I'm not sure that RTT would factor in to the prediction. Basically all you would be doing is extrapolating forward based on red's last known position, and how long its been since you last received a server update for red. So if you're using a linear model, red's predicted position would be P + V*T, where P is their last known position, V is red's velocity (calculated using a history of red's positions and update times), and T is the time since the last server update. No matter what the latency, if two players are moving at the same speed in the same direction long enough to stabilize their histories, the predicted position should match the server updates when they get send down. In a game like yours that has a lot of circle strafing and non-linear movement, you might be able to get away with a non-linear approach like splines or arcs to predict the position. It also sounds like you might also have a different notion of what "extrapolation" is than I do, so let me know if I sound crazy right now :)

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Yeah, I'm probably using the term incorrectly. Never been good with terms :p

Surely you need to factor in blue's latency when determining red's position. Suppose red is running along and when he reaches position 100, the server sends out an update saying his position x = 100 and he is moving to the right. Suppose he's moving with a velocity of 100 units/s and blue has a ping of 200, meaning it takes 100ms for the server message to arrive at blue's computer. 100ms later the packet arrives in blue's computer, just as on the server red reaches 110. Surely then, in order for blue to match up red's position with where it actually is on the server (x = 110), he has to take the x=100 value from the packet, and extrapolate it forward by 100ms at the known player velocity of 100units/s. Using your linear equation: x = 100 + 0.1*100. = 110. This works regardless of the tick rate. The server could be sending packets out a million times a second, but you shouldn't extrapolate forward by a millionth of a second.

So that would be extrapolating by half the round trip time, which in the diagram would bring red up to the blue line (in line with his location on the server), but then I'm guessing I'd need to extrapolate again by the other half of the round trip time, to catch red up to where blue sees himself, so blue aims horizontally towards red, and not backwards.

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Ahh cheers oggs. I probably should've mentioned this but I've read that already. It was actually very helpful and I'm using a similar system. The main difference however is that CS has instantaneous bullets, so they can just save all the positions and rewind back and see if the shot would've hit. I can't do that as my bullets take time to travel, which means I'd have to resimulate the entire gamestate for every single shot fired which I think would be too intensive.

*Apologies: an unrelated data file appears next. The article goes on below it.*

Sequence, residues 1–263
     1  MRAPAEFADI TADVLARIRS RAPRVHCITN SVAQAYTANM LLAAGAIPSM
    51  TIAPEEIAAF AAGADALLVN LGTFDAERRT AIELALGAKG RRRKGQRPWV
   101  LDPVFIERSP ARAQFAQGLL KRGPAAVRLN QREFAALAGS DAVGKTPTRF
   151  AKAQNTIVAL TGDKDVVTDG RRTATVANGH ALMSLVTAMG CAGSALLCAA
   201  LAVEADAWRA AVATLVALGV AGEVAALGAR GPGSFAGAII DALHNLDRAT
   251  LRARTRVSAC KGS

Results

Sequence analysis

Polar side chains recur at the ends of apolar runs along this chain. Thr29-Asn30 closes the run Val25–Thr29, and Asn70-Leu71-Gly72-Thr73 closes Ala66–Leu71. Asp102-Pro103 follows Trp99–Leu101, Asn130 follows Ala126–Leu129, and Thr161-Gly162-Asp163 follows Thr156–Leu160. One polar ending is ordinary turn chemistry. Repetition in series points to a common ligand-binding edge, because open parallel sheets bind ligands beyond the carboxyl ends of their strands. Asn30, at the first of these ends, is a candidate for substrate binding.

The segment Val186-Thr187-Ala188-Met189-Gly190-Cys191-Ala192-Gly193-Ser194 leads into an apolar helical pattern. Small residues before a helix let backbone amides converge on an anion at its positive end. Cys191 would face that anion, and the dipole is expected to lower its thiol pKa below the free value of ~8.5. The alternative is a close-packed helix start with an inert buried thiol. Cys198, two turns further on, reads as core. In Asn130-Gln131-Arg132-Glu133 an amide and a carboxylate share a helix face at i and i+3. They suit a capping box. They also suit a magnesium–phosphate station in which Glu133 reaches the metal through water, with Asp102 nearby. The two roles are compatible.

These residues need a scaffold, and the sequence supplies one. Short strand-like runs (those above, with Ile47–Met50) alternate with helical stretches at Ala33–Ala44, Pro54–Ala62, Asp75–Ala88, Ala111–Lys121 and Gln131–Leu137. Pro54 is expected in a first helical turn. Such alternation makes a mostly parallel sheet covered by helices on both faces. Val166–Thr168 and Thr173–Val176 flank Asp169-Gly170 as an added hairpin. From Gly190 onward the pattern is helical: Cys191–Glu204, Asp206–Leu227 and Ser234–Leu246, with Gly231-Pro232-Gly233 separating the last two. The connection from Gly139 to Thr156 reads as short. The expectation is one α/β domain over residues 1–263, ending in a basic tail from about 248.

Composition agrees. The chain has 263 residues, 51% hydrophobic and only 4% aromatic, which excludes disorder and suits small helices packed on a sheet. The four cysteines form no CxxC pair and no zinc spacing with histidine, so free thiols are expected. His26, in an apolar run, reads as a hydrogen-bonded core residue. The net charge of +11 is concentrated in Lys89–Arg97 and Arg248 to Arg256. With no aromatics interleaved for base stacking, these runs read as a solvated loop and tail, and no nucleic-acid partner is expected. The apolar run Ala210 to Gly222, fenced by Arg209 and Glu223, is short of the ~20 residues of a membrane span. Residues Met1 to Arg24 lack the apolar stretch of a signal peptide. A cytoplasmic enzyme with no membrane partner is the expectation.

However, I think I've got it all worked out.

1) Extrapolate red's position based on half blue's round trip time. I know I was talking about full round trip time before but I don't think that's right. For starters, it doubles the warpiness effect (when they change direction) and I don't think full round trip time should be used anyway. Now, red appears to blue where red actually is in the server. The only thing left to do is take care of blue's ping ahead of the server...

2) Adjusting bullet speeds due to lag. Based on the ping, I'm slightly slowing down the bullet speed on the client and speeding it up slightly on the server. By adjusting the bullet speeds I can compensate for blue's ping to the server. Blue will see his bullets travel slightly slower and will therefor naturally aim further infront of a moving target so his bullets appear to hit it. Meanwhile, the server is slightly speeding his bullets up to complete the lag compensation. While I could do all the speedup/slowdown on just the server/client, I've decided split the bullet speed over both the client and the server so it's not too noticable for either. This seems to work pretty well, especially if you're shooting over long ranges.

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Quote:
I can't do that as my bullets take time to travel, which means I'd have to resimulate the entire gamestate for every single shot fired which I think would be too intensive.


If you store the position of the objects, you just look it up, rather than re-simulate.

If an object then gets shot, you can apply the damage "now" instead of the time step at which it was hit, to avoid having to re-simulate a divergent path from the time of the impact.